Considering that Adidas has worked with Colombia since 2011, people couldn’t grasp how the corporation managed to bungle the South American country’s name in an ad that featured James Rodríguez and other players from the Selección Colombiana. Incredulous Colombians expressed frustration, anger, and disappointment in strongly worded messages to Adidas. One woman even went as far writing an open letter explaining how a multi-billion dollar company that is profiting from the Colombian fan base should be more attentive.
The ads ignited a social media firestorm over the continued misspelling of Colombia, which forced Adidas to apologize. “We value our partnership with the Colombian Football Federation and apologize for our mistake,” an Adidas spokesperson told the Huffington Post. “We removed these graphics and are quickly installing new versions today.”
While Adidas hopes this will squash the beef, one Twitter user offers a slightly less than plausible (and frankly, my favorite) reason for the misspelling: revenge.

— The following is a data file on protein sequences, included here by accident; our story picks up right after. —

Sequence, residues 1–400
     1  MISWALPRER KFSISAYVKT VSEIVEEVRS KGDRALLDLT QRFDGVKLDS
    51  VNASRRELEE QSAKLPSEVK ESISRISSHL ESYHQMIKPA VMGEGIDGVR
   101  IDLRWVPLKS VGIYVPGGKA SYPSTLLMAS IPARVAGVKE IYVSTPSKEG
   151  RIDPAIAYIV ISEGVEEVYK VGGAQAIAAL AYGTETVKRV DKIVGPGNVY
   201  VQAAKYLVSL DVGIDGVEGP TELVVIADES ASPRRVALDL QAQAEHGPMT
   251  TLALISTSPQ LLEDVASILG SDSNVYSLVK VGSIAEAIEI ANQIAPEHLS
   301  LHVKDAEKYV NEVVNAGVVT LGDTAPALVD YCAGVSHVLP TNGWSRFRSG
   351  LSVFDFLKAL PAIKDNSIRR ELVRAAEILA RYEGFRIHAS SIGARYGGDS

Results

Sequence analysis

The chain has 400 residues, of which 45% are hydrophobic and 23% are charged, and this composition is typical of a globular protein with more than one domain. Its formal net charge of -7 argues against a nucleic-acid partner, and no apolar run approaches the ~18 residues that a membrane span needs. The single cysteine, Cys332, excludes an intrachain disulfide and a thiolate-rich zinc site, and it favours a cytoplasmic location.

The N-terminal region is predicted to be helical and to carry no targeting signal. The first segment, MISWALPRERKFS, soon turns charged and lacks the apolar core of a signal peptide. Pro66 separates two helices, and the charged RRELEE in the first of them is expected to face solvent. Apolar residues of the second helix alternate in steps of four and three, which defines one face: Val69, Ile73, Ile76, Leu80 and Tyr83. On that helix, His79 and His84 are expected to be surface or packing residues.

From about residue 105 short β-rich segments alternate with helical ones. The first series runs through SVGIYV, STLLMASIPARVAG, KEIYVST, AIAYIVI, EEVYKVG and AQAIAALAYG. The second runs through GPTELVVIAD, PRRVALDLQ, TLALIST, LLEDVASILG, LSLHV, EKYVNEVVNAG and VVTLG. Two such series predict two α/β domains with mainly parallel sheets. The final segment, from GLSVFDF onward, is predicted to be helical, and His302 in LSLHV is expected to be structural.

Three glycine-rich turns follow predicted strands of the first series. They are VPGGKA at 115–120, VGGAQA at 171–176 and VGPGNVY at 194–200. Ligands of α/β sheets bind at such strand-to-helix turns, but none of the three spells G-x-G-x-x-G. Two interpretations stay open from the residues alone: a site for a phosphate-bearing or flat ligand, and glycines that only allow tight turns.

Adibas is the knockoff version of Adidas that has made its way to Colombia and other parts of the world. While there are definitely jokes about the authencity, Adibas is also well beloved by some. One Flick user paid tribute to the brand in 2009. “Don’t be fooled you fool!” the user wrote. “When you go to your swank store in America del Norte [and] buy your fancy $100 retro sneakers, read the label carefully. What does it say? A-D-I-D-A-S? Hah, fool! You have just bought a totally fake pair of shoes. You need to look for the Genuine Adibas brand, which you can buy readily in San Agustin, Colombia.”
Check out people repping their Adibas below: